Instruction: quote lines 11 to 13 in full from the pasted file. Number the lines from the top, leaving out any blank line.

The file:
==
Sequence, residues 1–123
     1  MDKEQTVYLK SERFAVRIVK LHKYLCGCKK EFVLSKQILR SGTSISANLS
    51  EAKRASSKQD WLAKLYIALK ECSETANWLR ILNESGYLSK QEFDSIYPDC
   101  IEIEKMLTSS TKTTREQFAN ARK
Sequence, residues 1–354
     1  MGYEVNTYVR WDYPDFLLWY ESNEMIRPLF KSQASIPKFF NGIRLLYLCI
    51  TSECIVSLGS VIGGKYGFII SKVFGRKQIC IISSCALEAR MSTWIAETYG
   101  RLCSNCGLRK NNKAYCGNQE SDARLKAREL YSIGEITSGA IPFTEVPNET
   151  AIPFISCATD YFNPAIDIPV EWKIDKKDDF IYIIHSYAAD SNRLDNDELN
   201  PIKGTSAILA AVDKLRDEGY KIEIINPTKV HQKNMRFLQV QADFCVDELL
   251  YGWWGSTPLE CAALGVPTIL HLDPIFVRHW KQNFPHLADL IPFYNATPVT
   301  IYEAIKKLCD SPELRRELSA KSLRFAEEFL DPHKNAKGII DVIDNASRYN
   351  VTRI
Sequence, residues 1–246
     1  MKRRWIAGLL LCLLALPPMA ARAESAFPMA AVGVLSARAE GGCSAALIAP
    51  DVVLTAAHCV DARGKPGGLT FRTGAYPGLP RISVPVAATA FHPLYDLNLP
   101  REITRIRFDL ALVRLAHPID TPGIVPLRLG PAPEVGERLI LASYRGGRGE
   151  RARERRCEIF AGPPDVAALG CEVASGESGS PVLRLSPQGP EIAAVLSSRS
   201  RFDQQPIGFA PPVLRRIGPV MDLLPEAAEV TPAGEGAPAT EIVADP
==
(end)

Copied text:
   251  YGWWGSTPLE CAALGVPTIL HLDPIFVRHW KQNFPHLADL IPFYNATPVT
   301  IYEAIKKLCD SPELRRELSA KSLRFAEEFL DPHKNAKGII DVIDNASRYN
   351  VTRI